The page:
HC Deb 16 June 1937 vol 325 cc370-1

The following question stood upon the Order Paper in the name of Mr. CHURCHILL:

45. To ask the Prime Minister, whether he is in a position to define more exactly for the guidance of the House the limits within which he is prepared to answer questions relating to events in India; for instance, will information be given to Parliament in respect of any matter concerning which the Governors or the Governor-General are responsible to Parliament, either acting in respect of their statutory duty or in their individual judgment within the ambit of the India Constitution Act; whether in these respects information will be given as asked about facts and events in India in order that the House may judge the situation, and whether the special responsibilities of Governors are rightly exercised or not exercised; whether, for instance, any summoning of Indian provincial Legislatures or any refusal to summon them is justified; secondly, whether information will be given on facts and events which lead or are likely to lead to the use of British or Indian troops, or concerning the protection of minorities. or to loss of life either to the troops or the civil population; further, whether provincial autonomy is deemed to be in operation for the restriction of Parliamentary Questions in provinces where no Ministry has been formed which possesses the confidence of the Legislature; and whether provincial autonomy will still be deemed to be in operation notwithstanding executive power being resumed in any province by the Governor in accordance with the statute; lastly, in view of the ultimate responsibility of' Parliament, as provided for in Section 93 of the Government of India Act, for the issue of any proclamation by a Governor of a province assuming to himself emergency powers in the case of a failure of the constitutional machinery of a province, and of the further responsibility of Parliament, as provided for by the said Section of the Act, for the continuance of such emergency powers, whether he can assure the House that it shall be able to obtain regularly whatever information it may require for the discharge of its duty?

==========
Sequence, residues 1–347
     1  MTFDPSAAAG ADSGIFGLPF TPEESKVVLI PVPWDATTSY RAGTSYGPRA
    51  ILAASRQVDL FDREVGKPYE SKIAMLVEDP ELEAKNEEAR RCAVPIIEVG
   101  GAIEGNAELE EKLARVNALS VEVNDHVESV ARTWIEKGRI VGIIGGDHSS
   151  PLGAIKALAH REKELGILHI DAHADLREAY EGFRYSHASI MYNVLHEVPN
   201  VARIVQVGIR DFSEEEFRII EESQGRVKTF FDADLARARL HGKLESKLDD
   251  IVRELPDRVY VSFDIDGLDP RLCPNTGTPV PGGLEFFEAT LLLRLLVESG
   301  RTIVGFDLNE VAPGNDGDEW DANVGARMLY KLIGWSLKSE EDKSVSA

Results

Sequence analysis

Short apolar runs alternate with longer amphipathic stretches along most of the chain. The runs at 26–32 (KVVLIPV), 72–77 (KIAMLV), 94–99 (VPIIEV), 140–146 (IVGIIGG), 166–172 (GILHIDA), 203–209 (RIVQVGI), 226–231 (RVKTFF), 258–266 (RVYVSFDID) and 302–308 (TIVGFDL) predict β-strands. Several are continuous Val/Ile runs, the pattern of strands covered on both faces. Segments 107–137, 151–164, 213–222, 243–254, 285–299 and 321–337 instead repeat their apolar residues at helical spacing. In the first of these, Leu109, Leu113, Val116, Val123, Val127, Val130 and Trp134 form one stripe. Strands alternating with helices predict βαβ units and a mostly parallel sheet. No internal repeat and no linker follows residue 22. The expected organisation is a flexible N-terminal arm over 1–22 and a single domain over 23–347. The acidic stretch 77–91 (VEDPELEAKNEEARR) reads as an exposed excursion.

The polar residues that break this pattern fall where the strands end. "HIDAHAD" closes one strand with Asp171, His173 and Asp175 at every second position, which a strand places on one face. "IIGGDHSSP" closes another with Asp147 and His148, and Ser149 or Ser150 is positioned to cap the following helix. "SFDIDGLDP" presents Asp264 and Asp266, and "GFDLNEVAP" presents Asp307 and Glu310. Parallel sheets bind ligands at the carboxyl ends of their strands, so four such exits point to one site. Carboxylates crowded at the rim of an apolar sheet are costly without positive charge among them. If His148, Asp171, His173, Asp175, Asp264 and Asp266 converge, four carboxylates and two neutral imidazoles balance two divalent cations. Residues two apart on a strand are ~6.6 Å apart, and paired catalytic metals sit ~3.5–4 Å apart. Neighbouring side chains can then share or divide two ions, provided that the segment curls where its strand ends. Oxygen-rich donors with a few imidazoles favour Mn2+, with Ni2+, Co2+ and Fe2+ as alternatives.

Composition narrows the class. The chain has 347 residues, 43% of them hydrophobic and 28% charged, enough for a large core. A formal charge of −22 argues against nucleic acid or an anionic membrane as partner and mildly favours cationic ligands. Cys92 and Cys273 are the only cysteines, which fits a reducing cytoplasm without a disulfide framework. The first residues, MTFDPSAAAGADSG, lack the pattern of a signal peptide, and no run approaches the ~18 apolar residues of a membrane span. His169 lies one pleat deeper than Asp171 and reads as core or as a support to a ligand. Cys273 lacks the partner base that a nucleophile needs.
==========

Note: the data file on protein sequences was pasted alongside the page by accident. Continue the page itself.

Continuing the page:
Mr. Thurtle

May I direct your attention, Mr. Speaker, to the length of this question, and ask you whether there is any limit to the length of a question which may be put down for Oral Answer?

Mr. Sorensen

In view of the importance of this question, and also in view of the fact that I, too, addressed a question on this matter, but with much greater brevity, but which still was refused at the Table, may I ask whether it is not possible for me to accept this question in place of the right hon. Member for Epping (Mr. Churchill)?

Mr. Speaker

With regard to the length of the question, I told the right hon. Gentleman that it was far too long. It is a very important question as under the changed constitution for India we should know exactly what are the responsibilities of Ministers in this House before questions are put down. I think when the answer is given the hon. Member will see that it almost justifies the length of the question.

Mr. McEntee

Should not this be called an essay, not a question?

Mr. Speaker

I have said that it is too long, and that is enough.

Mr. Sorensen

Do I understand that if the question had been brief, with one sentence such as I put down, it would have been more acceptable?

Mr. Speaker

It would have been to me.